set print array off
Return to compressed format for arrays.

show print array
Show whether compressed or pretty format is selected for displaying arrays.

set print elements number-of-elements
If GDB is printing a large array, it stops printing after it has printed the number of elements set by the set print elements command. This limit also applies to the display of strings. Setting the number of elements to zero means that the printing is unlimited.

show print elements
Display the number of elements of a large array that GDB prints before losing patience.

set print pretty on
Cause GDB to print structures in an indented format with one member per line, like this:

$1 = {
  next = 0x0,
  flags = {
    sweet = 1,
    sour = 1
  meat = 0x54 "Pork"

set print pretty off
Cause GDB to print structures in a compact format, like this:

$1 = {next = 0x0, flags = {sweet = 1, sour = 1}, \
meat = 0x54 "Pork"}

This is the default format.

show print pretty
Show which format GDB is using to print structures.

set print sevenbit-strings on
Print using only seven-bit characters; if this option is set, GDB displays any eight-bit characters (in strings or character values) using the notation \nnn. This setting is best if you are working in English (ASCII) and you use the high-order bit of characters as a marker or "meta" bit.

set print sevenbit-strings off
Print full eight-bit characters. This allows the use of more international character sets, and is the default.

show print sevenbit-strings
Show whether or not GDB is printing only seven-bit characters.

set print union on
Tell GDB to print unions which are contained in structures. This is the default setting.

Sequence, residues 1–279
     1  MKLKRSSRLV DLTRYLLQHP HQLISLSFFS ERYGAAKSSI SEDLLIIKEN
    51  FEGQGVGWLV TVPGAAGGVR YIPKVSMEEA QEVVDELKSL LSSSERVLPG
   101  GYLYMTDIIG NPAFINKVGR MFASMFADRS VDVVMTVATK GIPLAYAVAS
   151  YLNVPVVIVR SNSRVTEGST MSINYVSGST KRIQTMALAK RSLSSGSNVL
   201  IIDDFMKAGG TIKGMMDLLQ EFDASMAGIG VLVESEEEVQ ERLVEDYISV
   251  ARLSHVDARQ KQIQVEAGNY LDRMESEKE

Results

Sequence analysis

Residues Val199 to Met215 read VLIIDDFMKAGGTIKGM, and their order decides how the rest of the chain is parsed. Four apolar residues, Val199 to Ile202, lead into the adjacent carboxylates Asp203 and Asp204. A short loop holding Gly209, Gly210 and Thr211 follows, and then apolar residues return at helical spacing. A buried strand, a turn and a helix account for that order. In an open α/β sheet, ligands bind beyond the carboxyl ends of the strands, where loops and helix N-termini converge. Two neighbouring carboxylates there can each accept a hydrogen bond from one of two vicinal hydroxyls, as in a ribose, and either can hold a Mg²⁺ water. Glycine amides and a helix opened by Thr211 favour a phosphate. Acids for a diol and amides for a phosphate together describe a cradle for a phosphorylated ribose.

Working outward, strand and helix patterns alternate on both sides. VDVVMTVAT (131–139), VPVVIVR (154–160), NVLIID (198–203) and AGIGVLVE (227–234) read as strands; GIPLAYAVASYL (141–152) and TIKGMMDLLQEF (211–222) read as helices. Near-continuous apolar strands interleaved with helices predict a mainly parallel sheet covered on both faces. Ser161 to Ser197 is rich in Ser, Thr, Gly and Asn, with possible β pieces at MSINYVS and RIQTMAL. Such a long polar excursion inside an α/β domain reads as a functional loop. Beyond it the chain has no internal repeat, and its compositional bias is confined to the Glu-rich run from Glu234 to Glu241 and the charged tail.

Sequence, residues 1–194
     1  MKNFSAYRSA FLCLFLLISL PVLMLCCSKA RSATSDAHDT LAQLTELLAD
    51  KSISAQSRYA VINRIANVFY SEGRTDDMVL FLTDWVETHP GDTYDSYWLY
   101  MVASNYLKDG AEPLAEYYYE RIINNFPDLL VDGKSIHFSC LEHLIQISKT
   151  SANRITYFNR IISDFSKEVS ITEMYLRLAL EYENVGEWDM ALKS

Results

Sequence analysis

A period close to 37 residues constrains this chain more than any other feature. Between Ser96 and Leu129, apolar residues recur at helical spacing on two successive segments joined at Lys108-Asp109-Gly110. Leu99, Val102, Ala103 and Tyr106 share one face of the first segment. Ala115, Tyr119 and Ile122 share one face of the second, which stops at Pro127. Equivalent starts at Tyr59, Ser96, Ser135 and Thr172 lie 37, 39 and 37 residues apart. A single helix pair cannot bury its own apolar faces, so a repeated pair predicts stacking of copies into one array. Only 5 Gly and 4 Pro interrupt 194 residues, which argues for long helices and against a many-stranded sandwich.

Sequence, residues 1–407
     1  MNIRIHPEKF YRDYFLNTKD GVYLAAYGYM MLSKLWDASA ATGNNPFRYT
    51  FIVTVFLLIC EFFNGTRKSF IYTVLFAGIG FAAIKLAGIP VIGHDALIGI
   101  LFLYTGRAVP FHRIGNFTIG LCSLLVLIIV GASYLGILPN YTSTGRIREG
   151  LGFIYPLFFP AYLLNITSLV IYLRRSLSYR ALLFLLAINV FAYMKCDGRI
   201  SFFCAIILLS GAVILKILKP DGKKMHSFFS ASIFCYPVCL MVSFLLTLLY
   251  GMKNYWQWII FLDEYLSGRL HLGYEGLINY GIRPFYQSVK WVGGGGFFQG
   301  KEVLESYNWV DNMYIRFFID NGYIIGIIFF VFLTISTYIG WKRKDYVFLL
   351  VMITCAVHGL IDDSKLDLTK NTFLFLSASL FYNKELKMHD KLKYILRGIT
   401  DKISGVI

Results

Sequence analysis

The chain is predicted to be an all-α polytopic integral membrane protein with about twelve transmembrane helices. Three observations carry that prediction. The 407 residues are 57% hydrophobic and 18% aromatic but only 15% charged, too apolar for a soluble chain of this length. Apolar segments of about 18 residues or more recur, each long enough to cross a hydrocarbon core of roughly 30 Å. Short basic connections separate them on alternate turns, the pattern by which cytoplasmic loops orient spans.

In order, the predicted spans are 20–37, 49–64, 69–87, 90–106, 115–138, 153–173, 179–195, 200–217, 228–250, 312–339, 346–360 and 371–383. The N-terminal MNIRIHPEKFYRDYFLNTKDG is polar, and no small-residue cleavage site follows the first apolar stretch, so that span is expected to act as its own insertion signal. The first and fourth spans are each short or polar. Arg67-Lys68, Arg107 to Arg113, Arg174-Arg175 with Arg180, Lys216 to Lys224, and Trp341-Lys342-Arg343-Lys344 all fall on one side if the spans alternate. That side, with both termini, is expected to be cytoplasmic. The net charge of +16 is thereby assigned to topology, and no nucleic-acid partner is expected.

set print union off
Tell GDB not to print unions which are contained in structures.

show print union
Ask GDB whether or not it will print unions which are contained in structures.

For example, given the declarations

typedef enum {Tree, Bug} Species;
typedef enum {Big_tree, Acorn, Seedling} Tree_forms;
typedef enum {Caterpillar, Cocoon, Butterfly} 

struct thing {
  Species it;
  union {
    Tree_forms tree;
    Bug_forms bug;
  } form;

struct thing foo = {Tree, {Acorn}};

with set print union on in effect `p foo' would print

$1 = {it = Tree, form = {tree = Acorn, bug = Cocoon}}

and with set print union off in effect it would print

$1 = {it = Tree, form = {...}}

These settings are of interest when debugging C++ programs:

set print demangle
set print demangle on
Print C++ names in their source form rather than in the encoded ("mangled") form passed to the assembler and linker for type-safe linkage. The default is `on'.

show print demangle
Show whether C++ names are printed in mangled or demangled form.

set print asm-demangle
set print asm-demangle on
Print C++ names in their source form rather than their mangled form, even in assembler code printouts such as instruction disassemblies. The default is off.

show print asm-demangle
Show whether C++ names in assembly listings are printed in mangled or demangled form.

set demangle-style style
Choose among several encoding schemes used by different compilers to represent C++ names. The choices for style are currently:

Allow GDB to choose a decoding style by inspecting your program.

Decode based on the GNU C++ compiler (g++) encoding algorithm.

Decode based on the Lucid C++ compiler (lcc) encoding algorithm.

Decode using the algorithm in the C++ Annotated Reference Manual. Warning: this setting alone is not sufficient to allow debugging cfront-generated executables. GDB would require further enhancement to permit that.

  • show demangle-style Display the encoding style currently in use for decoding C++ symbols.

  • set print object
  • set print object on When displaying a pointer to an object, identify the actual (derived) type of the object rather than the declared type, using the virtual function table.

  • set print object off Display only the declared type of objects, without reference to the virtual function table. This is the default setting.

  • show print object Show whether actual, or declared, object types are displayed.

  • set print vtbl
  • set print vtbl on Pretty print C++ virtual function tables. The default is off.

  • set print vtbl off Do not pretty print C++ virtual function tables.

  • show print vtbl Show whether C++ virtual function tables are pretty printed, or not.